An expert legal opinion has highlighted numerous and concerning flaws with the new abortion legislation which will come into force in Northern Ireland from 22 October, if the Assembly is not restored.
The opinion was commissioned by CARE, and written by David Lock QC, a former Labour MP and a highly respected member of the bar.
Last week, official correspondence from the Department of Justice, obtained by an FOI, revealed that senior officials recognised there will be ‘obvious difficulties’ in the period up to when the new regulations are due. This legal opinion by David Lock QC spells out what some of these ‘obvious difficulties’ are.
Among a number of crucial observations, Mr Lock makes clear that in his view, an unintended consequence of section 9 of the NI (Executive Formation) Act could be the return of unregulated backstreet abortions.
He says: “It follows that an unintended consequence of section 9 of the 2019 Act may be the possible return of unregulated ‘backstreet abortions.’”
Mr Lock also expresses doubts about whether healthcare professional who conscientiously object will be given proper protection and says in his view that a GP would come under pressure to prescribe the abortion drug requested by the patient or would have to refer the patient to another GP.
In addition, the opinion highlights major safety concerns around the new laws because unlike in England, there will no abortion specific regulation of private clinics at least between 22 October and the end of March 2020, during the so called ‘interim period’.
Mr Lock also points out that, shockingly, if a doctor seeks to provide an abortion outside a clinic, he will not be subject to any statutory regulation.
The lack of clarity around the meaning of the term “capable of being born alive” under the 1945 Criminal Justice (NI) Act 1945 which will be the only criminal statute remaining around abortion if the law is changed is also highlighted. This could lead to a deeply problematic situation for healthcare professionals seeking to understand and implement this law.
Commenting on the legal opinion, CARE NI Policy Officer, Mark Baillie said:
“Regardless of whether you support abortion or not, no-one wants a situation where vulnerable women and their babies are placed in more danger.
“Yet that is exactly what will happen if these new abortion laws come into force.
“Mr Lock is an experienced and well-respected lawyer and his opinion should be widely read by those who should be responsible for our laws.
“The only way that this deeply flawed new regime can be stopped is if NI’s political leaders find a way to do a deal, so the Assembly and Executive are restored.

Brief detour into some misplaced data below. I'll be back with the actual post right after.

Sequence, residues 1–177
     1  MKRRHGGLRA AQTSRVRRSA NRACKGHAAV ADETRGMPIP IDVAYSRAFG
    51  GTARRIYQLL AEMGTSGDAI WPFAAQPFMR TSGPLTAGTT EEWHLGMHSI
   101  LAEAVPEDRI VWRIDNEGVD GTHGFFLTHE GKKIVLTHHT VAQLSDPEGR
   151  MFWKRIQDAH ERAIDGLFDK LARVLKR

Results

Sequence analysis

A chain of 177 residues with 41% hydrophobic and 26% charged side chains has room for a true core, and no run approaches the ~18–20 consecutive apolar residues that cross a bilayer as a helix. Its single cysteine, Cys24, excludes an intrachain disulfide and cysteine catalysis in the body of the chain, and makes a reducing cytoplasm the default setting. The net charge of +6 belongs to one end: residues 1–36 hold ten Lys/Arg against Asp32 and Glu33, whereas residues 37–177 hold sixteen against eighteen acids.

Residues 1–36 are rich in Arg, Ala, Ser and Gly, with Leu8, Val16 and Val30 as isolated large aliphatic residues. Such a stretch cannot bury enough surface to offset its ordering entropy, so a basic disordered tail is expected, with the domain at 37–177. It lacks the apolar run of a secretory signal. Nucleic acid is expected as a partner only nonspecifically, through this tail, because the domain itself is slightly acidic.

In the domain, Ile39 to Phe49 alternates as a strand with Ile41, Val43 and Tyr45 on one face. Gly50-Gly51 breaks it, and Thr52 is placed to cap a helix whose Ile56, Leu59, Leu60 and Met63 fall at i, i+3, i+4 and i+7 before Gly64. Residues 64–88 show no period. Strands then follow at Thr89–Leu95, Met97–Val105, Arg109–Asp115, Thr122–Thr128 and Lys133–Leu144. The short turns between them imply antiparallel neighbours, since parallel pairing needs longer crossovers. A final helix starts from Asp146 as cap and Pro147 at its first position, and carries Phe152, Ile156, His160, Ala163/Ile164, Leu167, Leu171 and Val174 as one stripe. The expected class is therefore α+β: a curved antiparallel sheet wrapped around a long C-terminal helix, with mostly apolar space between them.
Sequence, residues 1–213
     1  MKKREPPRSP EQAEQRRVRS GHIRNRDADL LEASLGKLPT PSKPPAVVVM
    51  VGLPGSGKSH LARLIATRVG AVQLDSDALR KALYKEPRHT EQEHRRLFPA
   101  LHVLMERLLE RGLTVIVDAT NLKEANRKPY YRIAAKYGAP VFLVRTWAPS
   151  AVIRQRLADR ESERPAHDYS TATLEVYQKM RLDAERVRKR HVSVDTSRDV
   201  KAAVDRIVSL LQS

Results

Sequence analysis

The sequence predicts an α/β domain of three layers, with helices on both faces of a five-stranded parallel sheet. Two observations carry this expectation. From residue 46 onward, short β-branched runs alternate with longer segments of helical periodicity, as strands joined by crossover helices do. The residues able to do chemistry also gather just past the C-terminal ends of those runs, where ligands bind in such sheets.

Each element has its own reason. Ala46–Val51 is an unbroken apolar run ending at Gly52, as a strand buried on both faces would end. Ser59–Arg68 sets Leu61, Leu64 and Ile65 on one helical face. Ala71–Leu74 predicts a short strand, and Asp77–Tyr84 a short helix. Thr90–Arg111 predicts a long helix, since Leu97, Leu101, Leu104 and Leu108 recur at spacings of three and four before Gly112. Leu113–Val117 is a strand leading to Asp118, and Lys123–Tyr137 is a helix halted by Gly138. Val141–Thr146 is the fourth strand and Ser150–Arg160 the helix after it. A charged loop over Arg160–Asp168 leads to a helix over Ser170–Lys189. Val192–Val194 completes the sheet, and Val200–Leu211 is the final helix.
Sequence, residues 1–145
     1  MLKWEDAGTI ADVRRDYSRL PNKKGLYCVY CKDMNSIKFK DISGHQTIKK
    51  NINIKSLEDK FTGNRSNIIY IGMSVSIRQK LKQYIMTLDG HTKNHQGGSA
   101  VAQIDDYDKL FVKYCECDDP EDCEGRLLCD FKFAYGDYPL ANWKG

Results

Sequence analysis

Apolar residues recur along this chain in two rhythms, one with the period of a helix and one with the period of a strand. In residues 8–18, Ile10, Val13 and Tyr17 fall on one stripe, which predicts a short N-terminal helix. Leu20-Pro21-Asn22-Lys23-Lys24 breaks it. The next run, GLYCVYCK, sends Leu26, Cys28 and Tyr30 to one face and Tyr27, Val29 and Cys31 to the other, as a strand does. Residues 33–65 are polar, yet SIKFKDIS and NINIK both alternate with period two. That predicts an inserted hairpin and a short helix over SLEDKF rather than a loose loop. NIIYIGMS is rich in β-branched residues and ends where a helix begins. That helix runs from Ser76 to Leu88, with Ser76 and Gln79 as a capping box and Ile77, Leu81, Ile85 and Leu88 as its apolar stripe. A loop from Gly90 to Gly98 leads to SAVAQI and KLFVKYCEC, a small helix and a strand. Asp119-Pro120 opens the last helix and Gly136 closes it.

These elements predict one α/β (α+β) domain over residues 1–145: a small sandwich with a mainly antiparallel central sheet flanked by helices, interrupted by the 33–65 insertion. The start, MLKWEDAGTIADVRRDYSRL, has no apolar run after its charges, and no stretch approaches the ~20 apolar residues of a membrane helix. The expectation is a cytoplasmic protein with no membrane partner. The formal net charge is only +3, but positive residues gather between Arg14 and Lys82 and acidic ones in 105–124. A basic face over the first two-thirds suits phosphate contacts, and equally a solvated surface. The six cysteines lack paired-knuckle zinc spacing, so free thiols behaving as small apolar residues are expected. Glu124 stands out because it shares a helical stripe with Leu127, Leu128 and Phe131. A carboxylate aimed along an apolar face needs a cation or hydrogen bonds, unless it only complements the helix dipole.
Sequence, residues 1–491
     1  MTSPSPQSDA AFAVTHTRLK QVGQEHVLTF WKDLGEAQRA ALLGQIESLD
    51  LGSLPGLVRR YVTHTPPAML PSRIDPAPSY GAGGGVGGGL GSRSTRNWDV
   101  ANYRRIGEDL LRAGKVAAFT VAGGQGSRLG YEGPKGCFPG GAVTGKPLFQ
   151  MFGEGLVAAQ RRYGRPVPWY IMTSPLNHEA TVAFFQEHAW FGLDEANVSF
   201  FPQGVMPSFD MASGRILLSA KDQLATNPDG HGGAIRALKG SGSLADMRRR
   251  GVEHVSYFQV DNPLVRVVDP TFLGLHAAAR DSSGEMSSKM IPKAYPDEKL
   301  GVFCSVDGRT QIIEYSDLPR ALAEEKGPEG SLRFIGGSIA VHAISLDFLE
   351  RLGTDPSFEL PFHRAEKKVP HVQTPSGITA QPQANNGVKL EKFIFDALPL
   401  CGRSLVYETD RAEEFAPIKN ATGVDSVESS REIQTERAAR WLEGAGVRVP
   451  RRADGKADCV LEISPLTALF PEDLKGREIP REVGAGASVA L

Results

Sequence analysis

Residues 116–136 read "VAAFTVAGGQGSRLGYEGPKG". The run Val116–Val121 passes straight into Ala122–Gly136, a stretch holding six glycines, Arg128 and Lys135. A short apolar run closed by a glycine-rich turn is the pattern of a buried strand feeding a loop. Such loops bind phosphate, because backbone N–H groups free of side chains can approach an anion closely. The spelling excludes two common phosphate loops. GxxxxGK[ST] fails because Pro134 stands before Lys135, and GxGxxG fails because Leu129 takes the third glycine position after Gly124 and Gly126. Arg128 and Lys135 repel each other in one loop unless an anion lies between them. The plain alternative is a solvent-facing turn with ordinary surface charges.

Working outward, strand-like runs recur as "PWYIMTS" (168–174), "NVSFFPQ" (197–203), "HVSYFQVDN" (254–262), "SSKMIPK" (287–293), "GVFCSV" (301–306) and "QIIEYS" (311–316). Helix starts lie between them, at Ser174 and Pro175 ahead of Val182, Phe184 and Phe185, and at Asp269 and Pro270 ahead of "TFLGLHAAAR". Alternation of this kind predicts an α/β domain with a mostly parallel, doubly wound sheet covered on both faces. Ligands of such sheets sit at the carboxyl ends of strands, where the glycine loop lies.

“The Executive need only be formed for a day to see this abortion legislation fall.
“Time is running out and this new legal opinion should focus the minds of every politicians across NI.
“There is no greater argument for devolution than having rushed, badly drafted Westminster laws imposed on us, which will endanger women, rather than protecting them.
Notes to editors:
CARE is a well-established mainstream Christian charity providing resources and helping to bring Christian insight and experience to matters of public policy and practical caring initiatives. CARE is represented in the UK Parliaments and Assemblies.
Last week, CARE NI released emails which we were sent in which the DoJ admitted the new abortion regime would cause obvious difficulties: https://www.care.org.uk/news/latest-news/doj-officials-admit-new-abortion-regime-will-lead-obvious-difficulties
A recent survey by Lucid Talk showed that 52% of adults in Northern Ireland are opposed to the new abortion laws: https://www.care.org.uk/news/latest-news/majority-ni-oppose-new-abortion-laws-according-new-survey
About David Lock QC: David Lock was called to the Bar in 1985 and made a QC in 2011. He has appeared in the Supreme Court (most recently in July 2018), the Court of Appeal on many occasions, the High Court, the County Court, the Court of Protection, has drafted Parliamentary Bills and has advised individuals, companies and government bodies in a variety of international jurisdictions. He has vast trial experience, including cross-examining expert and lay witnesses, but also has a wide-ranging public law and appellate practice. David took silk in 2011 and since then has appeared in a series of high profile administrative and public law cases, acting for public bodies and against them. David is joint editor (with Hannah Gibbs) of the leading practitioner’s book, “NHS Law and Practice” and his technical expertise as a public lawyer has been recognised by his appointment as one of the joint editors (along with David Blundell) of the leading journal “Judicial Review”. David was appointed as a member of the Equality and Human Rights Commission’s ‘A’ panel in May 2019. This panel of counsel plays an important role in helping the Commission to achieve its objectives which include reducing inequality, eliminating discrimination and protecting human rights. He was Labour Member of Parliament for Wyre Valley from 1997 to 2001.